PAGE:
If I use 12v, the motor burns, 8v it takes longer to burn and 5v is not enough, will PWM save me?

Here's the deal: I'm working on a project that uses 2 motors (PS2 controller vibrating motor, without the counterweight), I assume these are 5v dc motors, right?

Both rotate the same axis (1 is not enough due to the pressure that is being put on it, a spring mechanism stuff)
With 12v it runs like a dream, till they burn! and from what I observed, always 1 motor hits higher temperature than the other, is there a problem with that?

Then I dropped it to 5v with diodes and the motors didnt have the strenght to start spinning, so I raised to 8v and they spin, not very smoothly (is that spell right?), but you know, they work, but still they're overheating!

If I used PWM to control both of the motors, would it work and not burn'em?

Thanks and sorry for the long and confusing text.

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frollard6 years ago
They aren't designed to be very powerful. They run on 5v, and if you give them more than 5v, they will draw more power at a fixed internal resistance (which goes down with heat), but they won't have a stronger magnetic field to do that work against (to have more torque) and they will get hot. The motors are not perfectly efficient, say 50% at nominal voltage, that will drop to significantly less % when you overvolt them. They'll run faster but wear out much much sooner.

The only way to multiply the strength is using pulleys or gears -- or get bigger motors. PWM is a method to REDUCE the average current flow by starting and stopping it. When tuned properly, 10v at 50% duty cycle should act like 5v at full duty cycle (not accounting for the efficiency drop). It may give you the boost you need, but remember you're dealing with aveage current, so its exactly the same.
Kokkan (author)  frollard6 years ago
Do you have any other idea to break the inertia?
Thanks for answering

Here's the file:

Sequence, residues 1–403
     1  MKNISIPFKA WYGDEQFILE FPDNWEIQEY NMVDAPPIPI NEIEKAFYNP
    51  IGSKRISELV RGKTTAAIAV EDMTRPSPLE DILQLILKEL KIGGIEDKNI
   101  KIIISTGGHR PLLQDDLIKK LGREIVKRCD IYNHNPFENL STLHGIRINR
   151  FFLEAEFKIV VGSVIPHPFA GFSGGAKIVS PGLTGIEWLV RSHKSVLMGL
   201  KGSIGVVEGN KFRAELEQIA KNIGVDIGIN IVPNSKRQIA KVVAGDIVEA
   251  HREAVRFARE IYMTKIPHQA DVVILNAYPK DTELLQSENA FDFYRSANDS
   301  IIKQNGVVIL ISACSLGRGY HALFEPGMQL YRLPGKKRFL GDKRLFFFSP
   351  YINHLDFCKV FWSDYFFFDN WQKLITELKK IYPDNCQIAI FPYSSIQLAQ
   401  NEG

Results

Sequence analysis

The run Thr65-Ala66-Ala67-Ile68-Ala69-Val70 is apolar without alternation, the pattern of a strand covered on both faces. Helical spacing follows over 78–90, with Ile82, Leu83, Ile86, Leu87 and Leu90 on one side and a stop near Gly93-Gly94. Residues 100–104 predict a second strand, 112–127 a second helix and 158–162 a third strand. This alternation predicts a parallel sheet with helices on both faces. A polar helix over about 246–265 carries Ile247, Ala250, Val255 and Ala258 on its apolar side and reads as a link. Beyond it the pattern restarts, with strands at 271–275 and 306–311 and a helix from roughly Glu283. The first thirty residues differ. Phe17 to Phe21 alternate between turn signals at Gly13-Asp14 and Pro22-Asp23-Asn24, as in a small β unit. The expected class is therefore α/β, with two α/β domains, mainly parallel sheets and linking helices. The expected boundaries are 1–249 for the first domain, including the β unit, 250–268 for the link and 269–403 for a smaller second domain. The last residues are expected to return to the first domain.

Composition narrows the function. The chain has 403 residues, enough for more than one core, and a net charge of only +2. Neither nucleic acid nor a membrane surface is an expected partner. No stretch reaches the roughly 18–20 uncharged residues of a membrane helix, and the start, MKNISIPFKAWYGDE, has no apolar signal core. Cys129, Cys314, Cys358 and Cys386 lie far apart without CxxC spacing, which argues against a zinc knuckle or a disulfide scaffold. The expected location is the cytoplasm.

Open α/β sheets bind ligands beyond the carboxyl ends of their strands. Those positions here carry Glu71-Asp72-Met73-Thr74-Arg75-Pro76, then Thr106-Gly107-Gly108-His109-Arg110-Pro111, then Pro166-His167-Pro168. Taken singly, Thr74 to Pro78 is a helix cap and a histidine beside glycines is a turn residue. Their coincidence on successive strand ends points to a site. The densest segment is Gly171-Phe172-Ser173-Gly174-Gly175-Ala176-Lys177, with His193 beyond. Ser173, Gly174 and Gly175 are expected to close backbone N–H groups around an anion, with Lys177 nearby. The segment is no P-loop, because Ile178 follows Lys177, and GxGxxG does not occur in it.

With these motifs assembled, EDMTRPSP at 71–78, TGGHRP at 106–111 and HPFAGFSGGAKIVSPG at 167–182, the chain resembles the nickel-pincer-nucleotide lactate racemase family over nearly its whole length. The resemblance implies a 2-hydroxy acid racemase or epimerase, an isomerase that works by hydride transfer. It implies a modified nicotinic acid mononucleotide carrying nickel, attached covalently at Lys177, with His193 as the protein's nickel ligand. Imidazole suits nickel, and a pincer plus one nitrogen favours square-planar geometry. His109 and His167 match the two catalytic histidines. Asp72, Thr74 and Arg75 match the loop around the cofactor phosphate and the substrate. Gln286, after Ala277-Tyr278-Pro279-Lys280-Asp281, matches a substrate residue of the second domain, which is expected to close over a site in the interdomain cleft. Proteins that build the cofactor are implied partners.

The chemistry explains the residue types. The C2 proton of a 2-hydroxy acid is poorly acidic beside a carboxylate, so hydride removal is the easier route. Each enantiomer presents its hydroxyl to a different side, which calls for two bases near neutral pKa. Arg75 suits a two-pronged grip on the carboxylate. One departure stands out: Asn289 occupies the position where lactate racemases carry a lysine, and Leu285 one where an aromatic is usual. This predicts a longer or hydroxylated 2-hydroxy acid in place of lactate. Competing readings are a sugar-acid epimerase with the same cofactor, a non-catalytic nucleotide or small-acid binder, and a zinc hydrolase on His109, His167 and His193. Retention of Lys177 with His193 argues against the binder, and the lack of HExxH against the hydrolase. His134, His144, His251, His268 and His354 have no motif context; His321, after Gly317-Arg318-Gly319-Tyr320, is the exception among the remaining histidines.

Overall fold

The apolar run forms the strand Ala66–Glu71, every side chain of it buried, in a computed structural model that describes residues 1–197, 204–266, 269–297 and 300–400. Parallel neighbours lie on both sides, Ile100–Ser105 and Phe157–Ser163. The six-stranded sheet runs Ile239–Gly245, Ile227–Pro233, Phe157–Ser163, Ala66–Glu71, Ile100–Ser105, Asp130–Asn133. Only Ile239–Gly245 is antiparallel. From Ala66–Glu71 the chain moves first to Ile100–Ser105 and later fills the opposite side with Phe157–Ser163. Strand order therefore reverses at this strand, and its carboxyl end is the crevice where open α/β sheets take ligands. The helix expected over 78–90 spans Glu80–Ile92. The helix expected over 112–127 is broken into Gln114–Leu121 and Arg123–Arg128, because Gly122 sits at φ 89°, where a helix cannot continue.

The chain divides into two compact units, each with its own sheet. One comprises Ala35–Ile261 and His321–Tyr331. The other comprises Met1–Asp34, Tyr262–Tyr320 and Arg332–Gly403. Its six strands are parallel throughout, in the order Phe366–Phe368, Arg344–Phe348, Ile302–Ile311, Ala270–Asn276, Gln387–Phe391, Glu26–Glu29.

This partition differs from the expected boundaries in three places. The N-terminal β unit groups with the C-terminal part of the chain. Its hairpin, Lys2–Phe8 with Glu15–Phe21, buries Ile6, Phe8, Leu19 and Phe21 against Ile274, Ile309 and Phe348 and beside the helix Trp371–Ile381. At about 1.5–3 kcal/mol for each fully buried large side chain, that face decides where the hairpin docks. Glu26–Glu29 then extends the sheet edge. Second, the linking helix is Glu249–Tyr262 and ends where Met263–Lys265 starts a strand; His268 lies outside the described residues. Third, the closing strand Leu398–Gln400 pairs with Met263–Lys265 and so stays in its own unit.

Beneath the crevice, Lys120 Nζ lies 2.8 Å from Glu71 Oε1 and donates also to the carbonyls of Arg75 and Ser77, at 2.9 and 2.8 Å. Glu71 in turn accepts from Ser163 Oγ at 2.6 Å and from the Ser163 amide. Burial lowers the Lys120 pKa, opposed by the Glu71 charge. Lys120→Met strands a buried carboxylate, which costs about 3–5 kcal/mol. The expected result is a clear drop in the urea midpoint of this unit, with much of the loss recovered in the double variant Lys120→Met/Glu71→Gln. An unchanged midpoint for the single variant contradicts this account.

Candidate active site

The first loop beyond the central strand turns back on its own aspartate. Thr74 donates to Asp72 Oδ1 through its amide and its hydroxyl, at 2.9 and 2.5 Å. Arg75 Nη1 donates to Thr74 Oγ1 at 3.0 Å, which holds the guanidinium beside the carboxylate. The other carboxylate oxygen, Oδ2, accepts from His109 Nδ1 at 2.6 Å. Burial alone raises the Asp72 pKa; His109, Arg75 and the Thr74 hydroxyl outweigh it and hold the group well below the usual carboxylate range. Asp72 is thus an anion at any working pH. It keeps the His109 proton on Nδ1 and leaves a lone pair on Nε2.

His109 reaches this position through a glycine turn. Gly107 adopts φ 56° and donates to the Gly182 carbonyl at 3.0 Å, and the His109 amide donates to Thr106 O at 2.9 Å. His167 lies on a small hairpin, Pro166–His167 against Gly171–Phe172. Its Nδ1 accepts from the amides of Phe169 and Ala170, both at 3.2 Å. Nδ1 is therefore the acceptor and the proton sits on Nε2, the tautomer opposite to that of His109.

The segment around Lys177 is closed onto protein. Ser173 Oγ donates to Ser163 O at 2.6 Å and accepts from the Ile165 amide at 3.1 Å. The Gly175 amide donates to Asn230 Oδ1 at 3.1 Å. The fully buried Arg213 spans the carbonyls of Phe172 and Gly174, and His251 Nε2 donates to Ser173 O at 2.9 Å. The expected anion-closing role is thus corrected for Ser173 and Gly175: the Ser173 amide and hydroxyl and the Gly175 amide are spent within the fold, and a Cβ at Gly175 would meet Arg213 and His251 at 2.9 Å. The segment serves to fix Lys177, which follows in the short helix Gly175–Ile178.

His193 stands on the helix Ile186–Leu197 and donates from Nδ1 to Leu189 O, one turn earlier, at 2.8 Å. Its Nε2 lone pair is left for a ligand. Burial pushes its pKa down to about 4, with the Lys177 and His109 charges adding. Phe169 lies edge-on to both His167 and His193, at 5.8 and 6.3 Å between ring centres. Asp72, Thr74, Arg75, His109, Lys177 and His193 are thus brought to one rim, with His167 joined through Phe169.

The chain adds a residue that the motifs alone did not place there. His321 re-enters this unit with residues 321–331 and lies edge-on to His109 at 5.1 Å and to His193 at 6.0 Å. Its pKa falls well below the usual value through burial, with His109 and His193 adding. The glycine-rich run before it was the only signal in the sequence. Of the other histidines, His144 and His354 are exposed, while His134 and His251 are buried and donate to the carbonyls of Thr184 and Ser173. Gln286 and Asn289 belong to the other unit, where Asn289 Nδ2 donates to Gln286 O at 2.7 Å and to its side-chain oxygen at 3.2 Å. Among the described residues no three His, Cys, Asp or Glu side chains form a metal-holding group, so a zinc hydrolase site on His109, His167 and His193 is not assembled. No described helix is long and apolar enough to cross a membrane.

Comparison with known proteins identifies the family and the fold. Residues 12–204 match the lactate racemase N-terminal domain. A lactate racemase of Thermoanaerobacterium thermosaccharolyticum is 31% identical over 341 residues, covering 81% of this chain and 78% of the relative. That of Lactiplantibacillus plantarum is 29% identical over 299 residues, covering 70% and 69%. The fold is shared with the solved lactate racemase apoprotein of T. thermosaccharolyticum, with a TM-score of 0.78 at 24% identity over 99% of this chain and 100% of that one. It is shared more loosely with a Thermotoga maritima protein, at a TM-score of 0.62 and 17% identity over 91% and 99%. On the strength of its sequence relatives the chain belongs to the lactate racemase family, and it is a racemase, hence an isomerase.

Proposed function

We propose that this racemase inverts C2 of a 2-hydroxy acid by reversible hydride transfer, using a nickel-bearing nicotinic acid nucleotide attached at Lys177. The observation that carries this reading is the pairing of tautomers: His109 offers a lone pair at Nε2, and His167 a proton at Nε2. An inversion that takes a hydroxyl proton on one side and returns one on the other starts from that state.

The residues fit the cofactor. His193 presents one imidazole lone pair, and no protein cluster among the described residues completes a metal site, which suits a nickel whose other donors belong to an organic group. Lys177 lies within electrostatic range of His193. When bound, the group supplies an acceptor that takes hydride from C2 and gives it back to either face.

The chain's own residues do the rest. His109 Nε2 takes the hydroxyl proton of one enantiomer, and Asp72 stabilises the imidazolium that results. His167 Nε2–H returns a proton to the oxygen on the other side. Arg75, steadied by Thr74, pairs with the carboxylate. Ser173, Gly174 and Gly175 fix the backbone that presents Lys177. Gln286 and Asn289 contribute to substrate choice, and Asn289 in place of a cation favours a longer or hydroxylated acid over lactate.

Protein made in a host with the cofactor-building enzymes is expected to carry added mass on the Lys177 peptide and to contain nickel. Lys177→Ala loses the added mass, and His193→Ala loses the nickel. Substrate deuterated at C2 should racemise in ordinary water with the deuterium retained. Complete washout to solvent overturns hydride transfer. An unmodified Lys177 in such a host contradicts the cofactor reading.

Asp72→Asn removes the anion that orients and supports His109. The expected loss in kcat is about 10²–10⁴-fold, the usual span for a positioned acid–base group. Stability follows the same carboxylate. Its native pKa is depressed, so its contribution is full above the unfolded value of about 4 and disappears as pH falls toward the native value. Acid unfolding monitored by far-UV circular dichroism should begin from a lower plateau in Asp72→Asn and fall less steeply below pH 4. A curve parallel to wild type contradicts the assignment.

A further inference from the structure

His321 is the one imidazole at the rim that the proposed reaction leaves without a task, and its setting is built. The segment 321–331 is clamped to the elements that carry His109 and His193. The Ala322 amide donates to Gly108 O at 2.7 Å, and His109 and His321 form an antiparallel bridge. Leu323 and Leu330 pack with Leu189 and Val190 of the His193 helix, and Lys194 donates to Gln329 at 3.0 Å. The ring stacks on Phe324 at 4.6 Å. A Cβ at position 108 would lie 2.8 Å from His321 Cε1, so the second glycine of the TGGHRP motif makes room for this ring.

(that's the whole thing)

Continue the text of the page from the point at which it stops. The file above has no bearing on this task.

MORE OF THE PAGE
frollard Kokkan6 years ago
break the inertia? What exactly are you doing with the motors?
Kokkan (author)  frollard6 years ago
When I use higher voltage (7v) it starts spinning right away, when I lower the voltage (5~6v) they need a little help from my finger to star
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frollard Kokkan6 years ago
Those motors are designed to run a relatively big weight vibrating - a balanced platform should be a no-brainer.

Could you confirm your 5v source can supply enough current?
Kokkan (author)  frollard6 years ago
I'm using a 12v battery, 1.3 AH.
And 10 diodes to drop it from 12v to 5v
frollard Kokkan6 years ago
put both motors in series (+ to -)...and run them both directly from the 12v at 6v each. Your diodes are dropping the voltage but probably don't let enough current through.
Kokkan (author)  frollard6 years ago
Same situation. What if I use a PWM to raise the voltage so both motors start spinning, and then decrease it? a pwm can do that right?
frollard Kokkan6 years ago
no.

pulse WIDTH modulation turns it on and off...it doesn't change the effective voltage. It changes the % of time the power is applied, not the amplitude (voltage) of the power.

Does your design spin freely if you barely touch it? maybe you need to redesign your mount as its too difficult to turn. Those motors should be able to work wonders at 5 volts.
Kokkan (author)  frollard6 years ago
Not as freely as it should be I guess, imma redesign it, thanks for your help and patience! x)
lemonie6 years ago

A PWM can still burn things. You need to put less power through them - and that means you really need a bigger motor(s).

L